Natural resources, including pure waters and great beauty, and a local culture which still embraces a certain amount of politeness, self-reliance, and respect for hard work.  Relative proximity to population centers .

Jamie Walker

Mr. Walker did not respond to Eight Rivers Council.

Question #3: What infrastructure and county services need to be strengthened in Pocahontas, and how would you go about it? (Internet is one example, but you may include other infrastructure and services as well.)

Groseclose, Jesse A.

Reliable high-speed internet and cell phone coverage are essential for today’s market. I would promote healthy competition between providers for both of these services. I would support legislation concerning these and other beneficial items.  We also need to devise a solid plan for the use of existing infrastructure such as the Edray Industrial Park that would benefit our county.
John Leyzorek
Internet is the prime example, to facilitate commerce and education and attract intelligent people, but low taxes and minimal intrusive and  bureaucratic regulation (like building codes) are key, as well.  We can keep taxes low by remembering that Government is never the low-cost provider of services, nor is it moral to take  by force from one to give  to another.  As Commissioner, I would stand against any increase in taxes, and against any forced land-use regulation.  Rule of Law is of vital importance as an "infrastructure improvement".  When individuals can expect prompt redress for injuries to their own properties, potential polluters think twice before fouling their neighbor's space.
 I proposed,  and will again promote a distributed, voluntary flood mitigation and watershed improvement plan called, The Thousand Ponds".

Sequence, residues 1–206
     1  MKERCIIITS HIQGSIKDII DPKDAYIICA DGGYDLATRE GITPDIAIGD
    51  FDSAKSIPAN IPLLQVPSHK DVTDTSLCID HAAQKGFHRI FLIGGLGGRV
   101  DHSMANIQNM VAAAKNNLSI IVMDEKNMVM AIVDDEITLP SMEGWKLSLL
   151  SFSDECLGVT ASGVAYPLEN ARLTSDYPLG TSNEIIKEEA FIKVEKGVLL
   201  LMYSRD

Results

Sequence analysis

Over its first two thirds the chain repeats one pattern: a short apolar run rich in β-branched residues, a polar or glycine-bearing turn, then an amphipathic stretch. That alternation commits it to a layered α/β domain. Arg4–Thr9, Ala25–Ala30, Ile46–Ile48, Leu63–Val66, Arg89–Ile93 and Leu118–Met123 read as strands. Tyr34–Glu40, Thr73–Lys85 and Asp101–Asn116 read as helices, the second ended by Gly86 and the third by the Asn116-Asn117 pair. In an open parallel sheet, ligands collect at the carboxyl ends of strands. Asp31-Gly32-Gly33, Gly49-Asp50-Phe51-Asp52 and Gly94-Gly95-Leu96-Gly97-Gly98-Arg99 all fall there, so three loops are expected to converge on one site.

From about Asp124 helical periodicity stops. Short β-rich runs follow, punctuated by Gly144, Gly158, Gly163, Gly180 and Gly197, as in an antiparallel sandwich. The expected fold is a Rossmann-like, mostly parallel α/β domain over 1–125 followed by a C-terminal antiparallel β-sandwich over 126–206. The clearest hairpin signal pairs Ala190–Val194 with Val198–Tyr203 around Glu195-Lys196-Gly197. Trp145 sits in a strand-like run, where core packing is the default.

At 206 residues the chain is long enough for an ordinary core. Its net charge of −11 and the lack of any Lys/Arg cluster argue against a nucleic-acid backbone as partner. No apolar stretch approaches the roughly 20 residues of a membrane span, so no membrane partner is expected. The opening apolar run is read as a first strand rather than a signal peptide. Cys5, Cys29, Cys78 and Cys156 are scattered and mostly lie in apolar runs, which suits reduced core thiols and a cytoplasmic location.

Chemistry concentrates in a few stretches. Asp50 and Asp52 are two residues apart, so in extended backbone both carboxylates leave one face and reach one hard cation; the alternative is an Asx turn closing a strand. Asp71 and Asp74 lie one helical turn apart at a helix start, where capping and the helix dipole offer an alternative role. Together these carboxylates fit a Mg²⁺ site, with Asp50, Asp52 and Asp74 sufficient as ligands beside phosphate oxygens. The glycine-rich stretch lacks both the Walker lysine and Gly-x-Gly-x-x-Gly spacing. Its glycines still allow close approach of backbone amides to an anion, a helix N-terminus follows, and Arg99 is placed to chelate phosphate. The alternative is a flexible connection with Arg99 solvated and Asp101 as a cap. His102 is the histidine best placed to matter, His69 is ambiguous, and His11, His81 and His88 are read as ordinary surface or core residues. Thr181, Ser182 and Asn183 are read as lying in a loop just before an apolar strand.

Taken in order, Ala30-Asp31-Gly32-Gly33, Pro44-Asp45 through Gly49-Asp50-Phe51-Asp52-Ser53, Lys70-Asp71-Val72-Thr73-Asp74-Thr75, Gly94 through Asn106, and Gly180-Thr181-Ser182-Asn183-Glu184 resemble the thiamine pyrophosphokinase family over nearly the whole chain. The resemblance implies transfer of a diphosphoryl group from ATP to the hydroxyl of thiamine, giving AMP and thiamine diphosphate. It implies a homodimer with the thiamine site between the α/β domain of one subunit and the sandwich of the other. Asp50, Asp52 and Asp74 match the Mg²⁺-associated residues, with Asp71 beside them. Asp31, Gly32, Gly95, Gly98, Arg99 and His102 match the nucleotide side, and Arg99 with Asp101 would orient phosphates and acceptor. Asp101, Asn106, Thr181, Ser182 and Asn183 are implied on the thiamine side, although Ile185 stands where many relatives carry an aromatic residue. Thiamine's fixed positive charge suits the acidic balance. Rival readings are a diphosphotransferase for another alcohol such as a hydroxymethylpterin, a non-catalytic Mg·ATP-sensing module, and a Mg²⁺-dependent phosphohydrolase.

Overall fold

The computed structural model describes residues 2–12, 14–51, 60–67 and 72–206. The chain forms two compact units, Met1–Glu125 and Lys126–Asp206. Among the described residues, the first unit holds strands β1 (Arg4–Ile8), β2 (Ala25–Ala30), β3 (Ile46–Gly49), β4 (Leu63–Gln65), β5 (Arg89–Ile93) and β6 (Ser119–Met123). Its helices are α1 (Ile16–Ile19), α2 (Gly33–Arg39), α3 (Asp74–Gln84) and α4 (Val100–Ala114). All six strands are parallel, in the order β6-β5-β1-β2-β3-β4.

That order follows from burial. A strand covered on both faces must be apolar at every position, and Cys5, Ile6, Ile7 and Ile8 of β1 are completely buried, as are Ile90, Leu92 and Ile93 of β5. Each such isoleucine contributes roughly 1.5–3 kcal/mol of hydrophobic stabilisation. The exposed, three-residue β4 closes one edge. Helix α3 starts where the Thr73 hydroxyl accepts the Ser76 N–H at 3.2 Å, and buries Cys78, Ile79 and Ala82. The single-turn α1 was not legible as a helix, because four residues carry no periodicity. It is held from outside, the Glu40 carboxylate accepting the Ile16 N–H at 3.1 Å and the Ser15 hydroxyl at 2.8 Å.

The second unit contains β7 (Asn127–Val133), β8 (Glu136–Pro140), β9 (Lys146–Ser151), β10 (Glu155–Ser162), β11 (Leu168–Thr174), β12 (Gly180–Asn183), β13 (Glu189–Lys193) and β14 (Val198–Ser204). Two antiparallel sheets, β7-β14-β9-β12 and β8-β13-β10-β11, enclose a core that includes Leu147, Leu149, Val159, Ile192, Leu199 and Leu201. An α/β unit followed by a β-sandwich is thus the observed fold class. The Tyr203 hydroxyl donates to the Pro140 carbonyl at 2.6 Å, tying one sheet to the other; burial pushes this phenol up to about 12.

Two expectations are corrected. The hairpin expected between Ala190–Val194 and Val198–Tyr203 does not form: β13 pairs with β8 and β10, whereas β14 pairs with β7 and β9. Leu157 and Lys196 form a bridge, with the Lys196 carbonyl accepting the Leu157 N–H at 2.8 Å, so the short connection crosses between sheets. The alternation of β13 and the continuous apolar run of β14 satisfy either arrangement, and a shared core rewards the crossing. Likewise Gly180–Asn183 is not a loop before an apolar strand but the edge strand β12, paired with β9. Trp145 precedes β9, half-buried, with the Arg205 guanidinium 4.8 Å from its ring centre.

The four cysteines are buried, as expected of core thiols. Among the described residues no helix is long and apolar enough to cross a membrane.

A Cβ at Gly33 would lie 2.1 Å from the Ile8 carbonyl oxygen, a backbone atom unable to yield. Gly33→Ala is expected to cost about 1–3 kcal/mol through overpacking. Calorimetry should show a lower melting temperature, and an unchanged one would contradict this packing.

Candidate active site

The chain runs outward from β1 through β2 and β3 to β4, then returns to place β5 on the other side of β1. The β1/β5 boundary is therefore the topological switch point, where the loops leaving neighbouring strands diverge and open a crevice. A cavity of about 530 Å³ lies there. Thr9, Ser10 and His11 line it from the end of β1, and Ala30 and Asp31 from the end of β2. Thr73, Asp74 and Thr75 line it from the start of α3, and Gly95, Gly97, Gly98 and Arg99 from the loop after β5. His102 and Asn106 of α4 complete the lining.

Jamie Walker

Mr. Walker did not respond to Eight Rivers Council.

Question #4: The proposed Birthplace of Rivers National Monument has been controversial in Pocahontas. Please state some of the major arguments for and against that proposal.

Groseclose, Jesse A.

The National Monument designation could provide more national exposure. Therefore, it would provide increased tourism to the area as well as additional layers of protection for the land. However, this could also be detrimental to timbering, hunting, fishing, camping, hiking and other uses that are freely enjoyed by all at no fee under current Forest Service management.
John Leyzorek
Proponents look for better protection of nature and more tourism, in my view two incompatible goals. Opponents fear regulation of traditional land uses.  I oppose this designation. This is our home, not the Nation's diorama.  More regulation and loss of local control does not encourage but frustrates stewardship and love of one's home.  We do not need more lost economic base----60% of our land is already largely "off the table".

Jamie Walker

Mr. Walker did not respond to Eight Rivers Council.

Question #5: What do you consider as appropriate and inappropriate applications of Eminent Domain? Please explain how you view the proposed Atlantic Coast Pipeline and how it might positively or negatively affect Pocahontas?

Groseclose, Jesse A.


Under no conditions do I find the use of eminent domain appropriate for private interests. My family and I have been threatened with the use of imminent domain in the past. I know what this feels like and I do not like it. Even for public good, the use of eminent domain should be the very last course of action and those affected need to be fairly compensated for their losses. The ACP is a private entity. The ACP may financially benefit some landowners and provide tax income for the county. However, we must ask ourselves if these tax dollars will offset the losses in property values, tourism and the potential environmental hazards, especially to our water. Property rights also play an important role in this decision making process.

John Leyzorek
I suppose I might support use of Eminent Domain for urgent national defense purposes---but under NO other circumstances.  I am on record as an Intervenor in opposition to the proposed Atlantic Coast Pipeline., which in my opinion offers zero long term benefit to Pocahontas County, and is being promoted by fraud.   I proposed for adoption by the County Commission some years ago a “Private Property Protection Resolution”  opposing the use of Eminent Domain in our County.  That Commission refused to consider it, but I will move its adoption, if elected.

Jamie Walker

Mr. Walker did not respond to Eight Rivers Council.

Question #6: The previous two questions are just a couple examples of the many controversial issues that face our county. How would you help our county come together to resolve difficult issues?